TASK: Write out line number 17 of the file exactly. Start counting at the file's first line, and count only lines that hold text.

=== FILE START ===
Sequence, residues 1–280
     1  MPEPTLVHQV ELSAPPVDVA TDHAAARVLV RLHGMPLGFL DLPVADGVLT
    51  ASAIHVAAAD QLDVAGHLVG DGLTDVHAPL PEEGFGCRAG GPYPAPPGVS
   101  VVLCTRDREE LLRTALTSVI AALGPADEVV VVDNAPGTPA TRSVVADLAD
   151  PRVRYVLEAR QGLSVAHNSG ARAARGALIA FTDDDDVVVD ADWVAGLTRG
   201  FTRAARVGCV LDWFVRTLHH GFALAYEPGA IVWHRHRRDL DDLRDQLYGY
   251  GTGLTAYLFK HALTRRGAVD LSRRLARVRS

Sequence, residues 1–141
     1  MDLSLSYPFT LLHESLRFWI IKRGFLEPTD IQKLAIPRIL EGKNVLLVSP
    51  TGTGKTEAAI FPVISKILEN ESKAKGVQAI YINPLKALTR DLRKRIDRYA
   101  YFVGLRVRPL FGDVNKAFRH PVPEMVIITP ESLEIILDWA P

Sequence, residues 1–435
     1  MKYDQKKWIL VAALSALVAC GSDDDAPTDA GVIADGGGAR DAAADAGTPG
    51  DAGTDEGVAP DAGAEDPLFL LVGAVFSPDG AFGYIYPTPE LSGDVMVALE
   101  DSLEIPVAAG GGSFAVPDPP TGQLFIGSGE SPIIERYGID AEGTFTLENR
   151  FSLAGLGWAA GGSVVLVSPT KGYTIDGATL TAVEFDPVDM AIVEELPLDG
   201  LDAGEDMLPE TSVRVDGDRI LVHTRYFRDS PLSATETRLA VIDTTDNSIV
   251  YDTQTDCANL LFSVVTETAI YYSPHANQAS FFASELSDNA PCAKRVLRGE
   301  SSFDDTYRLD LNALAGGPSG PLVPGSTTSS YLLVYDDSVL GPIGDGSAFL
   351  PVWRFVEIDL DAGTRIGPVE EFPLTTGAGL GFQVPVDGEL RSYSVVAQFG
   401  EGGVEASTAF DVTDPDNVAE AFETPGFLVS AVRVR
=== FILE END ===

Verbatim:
   201  LDAGEDMLPE TSVRVDGDRI LVHTRYFRDS PLSATETRLA VIDTTDNSIV